The weather greeted us with a light breeze and warm temps. Once out to our fishing grounds we set out with a combo of Kelela lures, dredge, and dead bait; both naked and hooded. It wasn’t long before our troll gear proved it effectiveness and we had our first marlin leadered. As the day progressed we had opportunity to pitch on several tailing marlin, which seemed uninterested with ballyhoo. Things remained steady and we lost a couple to circle hook sets but in the end four Striped Marlin were leadered and a Dorado was brought over the rail. With the extra Dorado points we were pushed ahead of the other 4-marlin boats and found ourselves in a solid 10th place. Not a bad first day….
A test to our motto…..’No Bad Days’. I wish we could have this one back, but that is tournament fishing, I guess. We started out on a nice 42’ Hatteras that we were all looking forward to fish, named ‘Fish Cabo’. Five minutes into the run alarms started sounding and one engine was shut down. After a quick troubleshoot we are headed back. Tournament control met us and offered another boat. After a quick transfer at the dock we were off with the new boat and crew plus an additional 35 minutes of fishing time. Unfortunately it was the morning bite that we were after. Once gear was set on the new boat, fish were brought up in smaller numbers than the day before. We missed opportunities through coordination and being out of sync with each other and the captain. After shaking out the bugs the bite slowed and wind picked up a bit. We continued to make adjustments and managed to leader a couple marlin to get some points on the board. Unfortunately the video from both cameras did not show definitively the species of one release, so it was D/Qed.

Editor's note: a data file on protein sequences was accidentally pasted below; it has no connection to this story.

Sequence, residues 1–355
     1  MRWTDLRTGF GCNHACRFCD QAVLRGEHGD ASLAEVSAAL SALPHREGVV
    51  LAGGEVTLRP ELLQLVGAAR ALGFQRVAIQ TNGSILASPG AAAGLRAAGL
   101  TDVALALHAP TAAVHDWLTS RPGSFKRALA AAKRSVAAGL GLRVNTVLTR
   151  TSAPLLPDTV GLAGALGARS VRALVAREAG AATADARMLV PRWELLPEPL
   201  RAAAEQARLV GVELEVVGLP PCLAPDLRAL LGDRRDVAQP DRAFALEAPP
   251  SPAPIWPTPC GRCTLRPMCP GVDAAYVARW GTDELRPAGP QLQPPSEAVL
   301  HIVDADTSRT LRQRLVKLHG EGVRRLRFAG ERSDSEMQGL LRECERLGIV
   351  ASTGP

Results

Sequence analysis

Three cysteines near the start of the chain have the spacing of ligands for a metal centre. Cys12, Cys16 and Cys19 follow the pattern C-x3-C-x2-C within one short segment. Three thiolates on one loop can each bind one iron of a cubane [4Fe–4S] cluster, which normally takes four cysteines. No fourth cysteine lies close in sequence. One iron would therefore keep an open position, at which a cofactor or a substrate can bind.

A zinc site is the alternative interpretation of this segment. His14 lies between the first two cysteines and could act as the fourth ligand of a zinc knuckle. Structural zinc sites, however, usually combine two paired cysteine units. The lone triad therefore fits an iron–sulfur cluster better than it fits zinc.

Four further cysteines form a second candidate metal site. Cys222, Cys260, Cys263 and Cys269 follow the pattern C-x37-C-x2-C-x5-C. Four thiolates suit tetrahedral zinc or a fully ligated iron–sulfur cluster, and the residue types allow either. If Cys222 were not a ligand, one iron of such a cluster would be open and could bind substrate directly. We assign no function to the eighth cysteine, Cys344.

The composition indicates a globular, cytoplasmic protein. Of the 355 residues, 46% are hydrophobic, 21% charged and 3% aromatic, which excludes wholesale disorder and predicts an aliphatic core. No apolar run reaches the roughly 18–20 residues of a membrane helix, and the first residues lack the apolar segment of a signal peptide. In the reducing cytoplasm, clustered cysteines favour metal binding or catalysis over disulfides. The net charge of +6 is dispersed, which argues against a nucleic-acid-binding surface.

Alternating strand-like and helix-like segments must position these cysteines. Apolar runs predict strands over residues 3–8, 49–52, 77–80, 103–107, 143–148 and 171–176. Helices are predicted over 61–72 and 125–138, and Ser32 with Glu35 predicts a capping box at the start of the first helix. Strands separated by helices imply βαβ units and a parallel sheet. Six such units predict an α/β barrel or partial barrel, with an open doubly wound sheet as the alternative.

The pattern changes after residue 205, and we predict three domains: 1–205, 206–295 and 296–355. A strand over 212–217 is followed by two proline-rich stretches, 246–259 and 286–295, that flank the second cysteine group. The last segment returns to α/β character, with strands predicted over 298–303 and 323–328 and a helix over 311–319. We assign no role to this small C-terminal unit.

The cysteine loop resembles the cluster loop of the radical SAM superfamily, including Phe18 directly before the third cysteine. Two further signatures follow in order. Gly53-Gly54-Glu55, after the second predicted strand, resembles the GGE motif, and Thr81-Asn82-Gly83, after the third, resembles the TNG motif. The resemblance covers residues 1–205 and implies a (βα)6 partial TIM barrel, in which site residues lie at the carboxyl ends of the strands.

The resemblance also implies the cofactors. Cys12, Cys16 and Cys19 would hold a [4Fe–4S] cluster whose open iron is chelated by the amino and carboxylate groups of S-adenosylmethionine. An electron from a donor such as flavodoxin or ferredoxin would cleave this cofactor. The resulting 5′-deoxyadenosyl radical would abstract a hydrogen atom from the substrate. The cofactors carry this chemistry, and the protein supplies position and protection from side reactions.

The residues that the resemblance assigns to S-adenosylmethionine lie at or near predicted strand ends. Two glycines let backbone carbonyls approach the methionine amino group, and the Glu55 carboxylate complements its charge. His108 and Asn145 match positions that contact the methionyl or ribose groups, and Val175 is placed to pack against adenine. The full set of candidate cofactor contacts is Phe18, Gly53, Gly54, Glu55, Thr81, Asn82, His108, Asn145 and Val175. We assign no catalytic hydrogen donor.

Rally time…. We are fishing the 31’ Cabo, ‘Espresso’ from the Picante fleet that is fast and nimble and has had good success in the tournament. After speaking with the captain and mate, we modify our attack and go straight bait with a dredge and teaser off the corners to lift fish and we rely on Cap to get the bait in front of the fish with the fast boat. We have rods baited with ballyhoo to pitch or drop back on quick draw. Our recipe produces, but not as many fish are tailing as the previous day, partly due to the higher winds and colder water pushing in and stirring up the surface. In the end we release 3 fish and have a chance to pitch to a couple from the cockpit to no avail.